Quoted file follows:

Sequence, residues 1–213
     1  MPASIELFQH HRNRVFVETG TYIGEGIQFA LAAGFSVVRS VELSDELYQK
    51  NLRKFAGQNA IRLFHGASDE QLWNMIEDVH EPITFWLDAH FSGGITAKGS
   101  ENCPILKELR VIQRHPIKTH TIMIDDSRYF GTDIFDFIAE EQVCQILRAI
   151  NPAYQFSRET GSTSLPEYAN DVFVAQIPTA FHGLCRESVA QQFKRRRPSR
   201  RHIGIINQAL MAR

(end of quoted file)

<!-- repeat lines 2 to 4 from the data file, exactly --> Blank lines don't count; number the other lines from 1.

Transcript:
     1  MPASIELFQH HRNRVFVETG TYIGEGIQFA LAAGFSVVRS VELSDELYQK
    51  NLRKFAGQNA IRLFHGASDE QLWNMIEDVH EPITFWLDAH FSGGITAKGS
   101  ENCPILKELR VIQRHPIKTH TIMIDDSRYF GTDIFDFIAE EQVCQILRAI